Who is the best leader you can think of?
A month ago in Adelaide, in one deadly hour, Australia reduced Indian cricket to ashes, burnt down in a fire of humiliation and abject surrender. The urn of ashes was handed by a departing skipper to his locum, a man with monk-like composure named Ajinkya Rahane.
He travelled with the urn from Adelaide to Melbourne and led his depleted team fighting the enemy at the MCG, one session at a time and midway through Day 4 made sure the phoenix had burst out of the urn.
People thought this was a great and dramatic comeback but they did not know the gripping drama that was to ensue at Sydney and the colossal theatre to be staged in Brisbane.
To really appreciate the scale of achievement by these young Indian warriors, one would need to understand the context of Melbourne and Sydney.
Rahane led his defeated and dejected troops into Melbourne after having posted India’s lowest ever Test score on way to a crushing defeat. Then their skipper left, his most experienced strike bowler (Mohammad Shami) shattered his wrist when India were 9-31, and while battling at MCG, another of Rahane’s prized attack weapons, Umesh Yadav, limped out of the attack, never to play in the series again.
But not withstanding a tough opponent that was fighting hard and overlooking the looming ghost of 36 all out, Rahane trumped the Aussies, helped also by two debutants in Shubman Gill and Mohammad Siraj.
No one knew then that this would be the Summer of Siraj.
Decorated with the Boxing Day honours, India arrived in Sydney with their heads held high. A good fight was expected but fate was quietly stocking up on tragic drama to pour upon the Indians.
They were subject to physical and mental abuse at the SCG, to which a weaker bunch of men than this brave lot would have succumbed. The Australian pace trio, easily the best attack in the world, pounded the pitch to produce a barrage of short balls to bruise and batter India, while a section of the crowd chose to haul abuse.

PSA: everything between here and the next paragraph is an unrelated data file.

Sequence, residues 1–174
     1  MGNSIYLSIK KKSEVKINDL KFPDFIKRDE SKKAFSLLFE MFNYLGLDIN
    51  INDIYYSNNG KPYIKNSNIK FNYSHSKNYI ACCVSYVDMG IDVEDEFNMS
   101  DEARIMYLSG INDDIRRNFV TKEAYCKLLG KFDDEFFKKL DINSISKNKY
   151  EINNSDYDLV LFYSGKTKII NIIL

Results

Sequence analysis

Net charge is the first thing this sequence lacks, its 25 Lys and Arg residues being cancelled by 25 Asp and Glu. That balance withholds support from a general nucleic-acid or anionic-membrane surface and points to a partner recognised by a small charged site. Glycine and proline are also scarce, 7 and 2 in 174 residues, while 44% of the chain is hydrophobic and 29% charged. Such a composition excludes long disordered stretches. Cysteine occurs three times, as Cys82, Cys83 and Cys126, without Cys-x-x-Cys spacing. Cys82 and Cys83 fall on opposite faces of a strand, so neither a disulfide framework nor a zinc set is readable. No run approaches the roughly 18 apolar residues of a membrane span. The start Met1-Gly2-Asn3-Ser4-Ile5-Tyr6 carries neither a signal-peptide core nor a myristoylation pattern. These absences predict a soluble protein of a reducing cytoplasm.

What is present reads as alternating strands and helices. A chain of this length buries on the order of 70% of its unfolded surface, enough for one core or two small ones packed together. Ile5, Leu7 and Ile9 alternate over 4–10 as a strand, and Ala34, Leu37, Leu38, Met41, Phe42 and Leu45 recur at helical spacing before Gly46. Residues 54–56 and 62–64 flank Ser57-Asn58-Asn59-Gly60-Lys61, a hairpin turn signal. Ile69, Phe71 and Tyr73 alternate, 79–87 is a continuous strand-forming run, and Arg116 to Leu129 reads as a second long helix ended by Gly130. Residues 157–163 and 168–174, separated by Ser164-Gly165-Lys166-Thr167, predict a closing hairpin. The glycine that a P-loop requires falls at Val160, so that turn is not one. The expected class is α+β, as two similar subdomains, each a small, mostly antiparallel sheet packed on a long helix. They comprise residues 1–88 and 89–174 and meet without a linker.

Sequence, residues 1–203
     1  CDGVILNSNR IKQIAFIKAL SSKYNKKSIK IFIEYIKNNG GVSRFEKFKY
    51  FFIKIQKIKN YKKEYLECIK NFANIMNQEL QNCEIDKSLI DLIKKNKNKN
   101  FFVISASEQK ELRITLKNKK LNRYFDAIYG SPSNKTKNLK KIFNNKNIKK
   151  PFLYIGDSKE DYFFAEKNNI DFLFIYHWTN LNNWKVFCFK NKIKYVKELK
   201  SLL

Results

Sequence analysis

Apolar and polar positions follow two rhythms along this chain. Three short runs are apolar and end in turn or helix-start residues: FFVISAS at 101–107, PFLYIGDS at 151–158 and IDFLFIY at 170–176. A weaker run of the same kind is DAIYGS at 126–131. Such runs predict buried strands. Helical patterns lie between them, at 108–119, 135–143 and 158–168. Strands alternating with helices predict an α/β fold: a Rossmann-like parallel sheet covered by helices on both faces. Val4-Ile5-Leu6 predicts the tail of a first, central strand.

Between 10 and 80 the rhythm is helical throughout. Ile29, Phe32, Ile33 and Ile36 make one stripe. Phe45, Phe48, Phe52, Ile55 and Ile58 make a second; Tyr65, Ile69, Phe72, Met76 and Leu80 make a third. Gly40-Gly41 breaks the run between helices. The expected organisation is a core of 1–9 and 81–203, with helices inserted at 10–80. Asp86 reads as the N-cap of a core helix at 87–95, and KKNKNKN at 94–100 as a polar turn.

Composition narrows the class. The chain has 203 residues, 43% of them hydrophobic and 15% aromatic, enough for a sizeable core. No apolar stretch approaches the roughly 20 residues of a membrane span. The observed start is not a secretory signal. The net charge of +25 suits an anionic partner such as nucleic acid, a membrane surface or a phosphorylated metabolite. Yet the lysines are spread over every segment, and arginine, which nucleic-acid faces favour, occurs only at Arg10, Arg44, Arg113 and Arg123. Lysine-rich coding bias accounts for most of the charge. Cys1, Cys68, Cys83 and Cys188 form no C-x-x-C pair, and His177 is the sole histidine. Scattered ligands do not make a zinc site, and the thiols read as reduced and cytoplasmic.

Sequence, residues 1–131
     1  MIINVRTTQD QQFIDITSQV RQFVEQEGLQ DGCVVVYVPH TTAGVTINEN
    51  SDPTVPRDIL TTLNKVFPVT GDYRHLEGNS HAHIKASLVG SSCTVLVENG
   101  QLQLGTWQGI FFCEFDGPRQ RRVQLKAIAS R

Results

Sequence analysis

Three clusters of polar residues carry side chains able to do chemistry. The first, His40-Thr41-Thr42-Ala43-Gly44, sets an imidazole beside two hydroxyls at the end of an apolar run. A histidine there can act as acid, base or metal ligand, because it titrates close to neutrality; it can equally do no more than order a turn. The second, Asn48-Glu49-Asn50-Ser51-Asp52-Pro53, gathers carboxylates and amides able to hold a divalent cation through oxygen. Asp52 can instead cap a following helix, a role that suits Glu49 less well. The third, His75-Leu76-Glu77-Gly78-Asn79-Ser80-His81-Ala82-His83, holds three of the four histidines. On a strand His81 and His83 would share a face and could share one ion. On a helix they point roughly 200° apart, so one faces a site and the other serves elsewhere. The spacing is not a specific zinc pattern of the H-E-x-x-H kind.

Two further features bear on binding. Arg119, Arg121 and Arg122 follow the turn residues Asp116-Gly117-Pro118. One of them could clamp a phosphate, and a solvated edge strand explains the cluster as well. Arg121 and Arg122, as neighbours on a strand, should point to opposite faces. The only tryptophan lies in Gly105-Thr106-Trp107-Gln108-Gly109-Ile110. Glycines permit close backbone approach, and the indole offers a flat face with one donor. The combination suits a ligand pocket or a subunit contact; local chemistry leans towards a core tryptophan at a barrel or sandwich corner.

But they tourists did not give up on the battle, even with a disabled pair at the crease.
At one end was Hanuman Vihari, virtually on one leg, and the other was Ravichandran Ashwin, his back spasming so much that he couldn’t bend to tie his own shoelaces.
And the man waiting to come in if one of these two broke was Ravindra Jadeja, waiting with a broken thumb.
But India scripted one of the most dramatic displays of patient batting and sheer fortitude to pull off a draw that hardly anyone saw coming when the fifth day started.
The draw may have been more glorious than a win, but by now the Indian camp resembled an emergency room, joined by the ballistic missile that is Jasprit Bumrah.
The situation was desperate and but for India coming with a large contingent of net players as a COVID precaution, they may have struggled to put up a playing XI!
And thus India stepped onto the Gabba with an attack that had 13 wickets among them (two of them belonged to Rohit Sharma), led by a rickshaw driver’s son who had the rich experience of playing in two Tests before!
They inducted three players into the team, one who had made a fleeting appearance in a Test two years ago, another a net bowler, and the third a player so deep in the reserve that that it was scarcely believable.
The stage for the showdown between David and Goliath was set for Australia’s favourite venue for the ritual sacrifice of visiting cricket teams. India had only two players who had played in the first Test and Australia had a full-strength side that included the world’s best Test batsman and three of the world best quicks.
For five days the battle raged, five days of engrossing twists and turns, of gripping contest between bat and ball, of wits and skill, of experience and courage, of skill and fortitude.
And then, on the last hour of the last day of the last Test of an epoch-making series, David overpowered Goliath to record one of cricket’s most enduring wins.
Fairy tales can’t be written better, valour can’t be displayed better, belief can’t be redeemed better.
India and cricket have discovered heroism and a new set of heroes.